Gordon Scott may have hung up his loincloth four decades ago, but he was still fondly remembered by some movie fans for his portrayal of jungle superman Tarzan and later roles in westerns and sword-and-sandals gladiator films.
The actor - who went from being an unknown Las Vegas hotel lifeguard to Hollywood star overnight, and seemed to vanish overnight after a 24-movie career - died Monday at Johns Hopkins Hospital of complications after several heart surgeries.
Mr. Scott, who was 80, had spent the last five years of his life in a rowhouse in Baltimore's Brooklyn neighborhood after being befriended by Roger and Betty Thomas. They gave him a spare room in their Pontiac Avenue home.
"My husband has been a fan of his since he was a child. He was his idol. When we were in Hollywood about eight years ago, we looked him up," said Mrs. Thomas, a retired licensed practical nurse who is a part-time actress. "They called each other several times, and then we invited him for a visit. He came and never left."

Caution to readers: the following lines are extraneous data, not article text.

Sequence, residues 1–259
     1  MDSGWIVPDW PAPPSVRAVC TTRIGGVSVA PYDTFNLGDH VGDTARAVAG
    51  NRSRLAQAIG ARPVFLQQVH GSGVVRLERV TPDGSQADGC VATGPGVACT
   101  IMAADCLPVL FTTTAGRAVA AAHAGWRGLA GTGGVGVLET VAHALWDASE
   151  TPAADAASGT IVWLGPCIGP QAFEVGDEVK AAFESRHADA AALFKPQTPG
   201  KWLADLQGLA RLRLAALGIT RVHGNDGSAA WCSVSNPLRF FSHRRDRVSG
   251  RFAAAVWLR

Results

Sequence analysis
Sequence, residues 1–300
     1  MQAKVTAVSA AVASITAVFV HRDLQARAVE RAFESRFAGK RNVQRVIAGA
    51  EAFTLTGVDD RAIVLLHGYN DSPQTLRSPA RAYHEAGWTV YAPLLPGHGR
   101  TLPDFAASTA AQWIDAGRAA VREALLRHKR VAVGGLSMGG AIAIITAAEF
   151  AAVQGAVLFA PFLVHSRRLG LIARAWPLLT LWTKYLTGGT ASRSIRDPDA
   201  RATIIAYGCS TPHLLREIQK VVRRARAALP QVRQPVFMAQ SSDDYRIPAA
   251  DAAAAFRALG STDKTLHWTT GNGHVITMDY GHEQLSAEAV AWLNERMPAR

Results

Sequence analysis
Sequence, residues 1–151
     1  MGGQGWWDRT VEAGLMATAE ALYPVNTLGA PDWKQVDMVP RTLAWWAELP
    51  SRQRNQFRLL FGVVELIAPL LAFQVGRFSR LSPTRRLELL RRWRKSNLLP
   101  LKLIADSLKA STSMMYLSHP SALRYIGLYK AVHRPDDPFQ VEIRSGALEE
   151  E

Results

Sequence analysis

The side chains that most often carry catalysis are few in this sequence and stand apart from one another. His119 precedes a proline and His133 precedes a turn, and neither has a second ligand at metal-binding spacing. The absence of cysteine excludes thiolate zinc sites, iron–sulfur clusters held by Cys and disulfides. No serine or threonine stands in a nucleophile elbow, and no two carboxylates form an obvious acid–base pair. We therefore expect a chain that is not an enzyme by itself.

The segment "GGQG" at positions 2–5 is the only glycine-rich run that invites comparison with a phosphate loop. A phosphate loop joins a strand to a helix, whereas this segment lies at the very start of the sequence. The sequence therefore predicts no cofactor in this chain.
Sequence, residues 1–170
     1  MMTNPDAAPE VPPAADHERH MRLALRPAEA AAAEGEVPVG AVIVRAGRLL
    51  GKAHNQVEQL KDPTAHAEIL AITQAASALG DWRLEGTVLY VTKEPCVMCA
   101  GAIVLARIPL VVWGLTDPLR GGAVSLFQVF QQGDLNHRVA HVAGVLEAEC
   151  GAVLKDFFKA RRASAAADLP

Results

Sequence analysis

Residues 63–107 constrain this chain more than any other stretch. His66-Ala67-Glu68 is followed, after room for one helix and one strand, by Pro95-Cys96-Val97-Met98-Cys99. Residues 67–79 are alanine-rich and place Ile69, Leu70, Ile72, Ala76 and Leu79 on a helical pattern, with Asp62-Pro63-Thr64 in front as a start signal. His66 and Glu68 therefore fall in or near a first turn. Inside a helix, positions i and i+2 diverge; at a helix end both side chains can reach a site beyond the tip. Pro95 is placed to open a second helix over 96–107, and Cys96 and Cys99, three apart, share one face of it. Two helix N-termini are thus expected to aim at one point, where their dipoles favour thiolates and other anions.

"I first saw him in a movie in a Rogersville, Pa., theater when I was a boy, and that was it," said Mr. Thomas, a retired factory worker. "I haven't had much time to think about his death and let it sink in. He meant the world to me, and we had lots of good times together. I was blessed to have known him."
Mrs. Thomas said that since October, the former film star had been in failing health and was in and out of a nursing home and several hospitals. "He had nobody but us."
According to a surviving brother, Rayfield Werschkull of Portland, Ore., Mr. Scott was born Gordon M. Werschkull there on Aug. 3, 1926. Other sources give his birth year as 1927, but the brother noted, "I'm exactly 10 years older."
"We were a family of nine kids, and we all ended up going in different directions. I haven't seen Gordon, whom we called Pete, for eight or 10 years. We just didn't keep in touch," Mr. Werschkull said.
Mr. Scott was in his teens when he took up bodybuilding, which he quickly found impressed women.
"Vanity is the crutch of us all," Mr. Scott told City Paper reporter Chris Landers, whose profile of the actor was published in yesterday's editions of the Baltimore weekly, with the news of his death added just before publication.